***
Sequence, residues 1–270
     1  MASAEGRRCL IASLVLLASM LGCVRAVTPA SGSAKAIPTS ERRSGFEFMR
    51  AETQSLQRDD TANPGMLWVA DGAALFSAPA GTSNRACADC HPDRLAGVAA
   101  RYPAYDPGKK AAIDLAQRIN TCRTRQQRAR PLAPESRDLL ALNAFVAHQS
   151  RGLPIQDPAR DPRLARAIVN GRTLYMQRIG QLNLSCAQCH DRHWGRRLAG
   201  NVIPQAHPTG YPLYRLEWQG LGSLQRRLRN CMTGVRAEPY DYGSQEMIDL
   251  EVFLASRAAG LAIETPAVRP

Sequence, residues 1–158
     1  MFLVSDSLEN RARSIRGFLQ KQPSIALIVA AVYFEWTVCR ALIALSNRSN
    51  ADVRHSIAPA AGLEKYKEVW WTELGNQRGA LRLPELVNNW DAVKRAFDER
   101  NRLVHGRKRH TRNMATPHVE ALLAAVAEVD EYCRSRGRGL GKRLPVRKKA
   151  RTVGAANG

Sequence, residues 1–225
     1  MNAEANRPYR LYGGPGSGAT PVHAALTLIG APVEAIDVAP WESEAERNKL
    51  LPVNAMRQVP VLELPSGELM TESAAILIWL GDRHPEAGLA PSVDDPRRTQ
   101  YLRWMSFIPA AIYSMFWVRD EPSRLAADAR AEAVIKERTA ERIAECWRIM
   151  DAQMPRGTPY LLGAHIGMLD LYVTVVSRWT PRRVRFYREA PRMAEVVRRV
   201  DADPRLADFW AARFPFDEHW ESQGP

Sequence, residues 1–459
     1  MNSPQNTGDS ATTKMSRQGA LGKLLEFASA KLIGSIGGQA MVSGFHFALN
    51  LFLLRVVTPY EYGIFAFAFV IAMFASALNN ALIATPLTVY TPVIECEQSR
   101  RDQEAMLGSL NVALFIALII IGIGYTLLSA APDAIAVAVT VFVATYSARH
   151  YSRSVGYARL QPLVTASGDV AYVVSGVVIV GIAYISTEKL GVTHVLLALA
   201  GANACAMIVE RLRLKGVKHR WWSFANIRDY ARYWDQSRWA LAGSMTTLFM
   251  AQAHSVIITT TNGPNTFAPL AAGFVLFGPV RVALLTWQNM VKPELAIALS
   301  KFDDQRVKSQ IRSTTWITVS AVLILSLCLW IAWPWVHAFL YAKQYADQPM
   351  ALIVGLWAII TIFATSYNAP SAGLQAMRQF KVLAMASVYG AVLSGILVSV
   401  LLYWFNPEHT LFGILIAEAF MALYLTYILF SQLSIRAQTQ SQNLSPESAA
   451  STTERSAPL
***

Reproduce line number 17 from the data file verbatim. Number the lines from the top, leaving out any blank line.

   151  DAQMPRGTPY LLGAHIGMLD LYVTVVSRWT PRRVRFYREA PRMAEVVRRV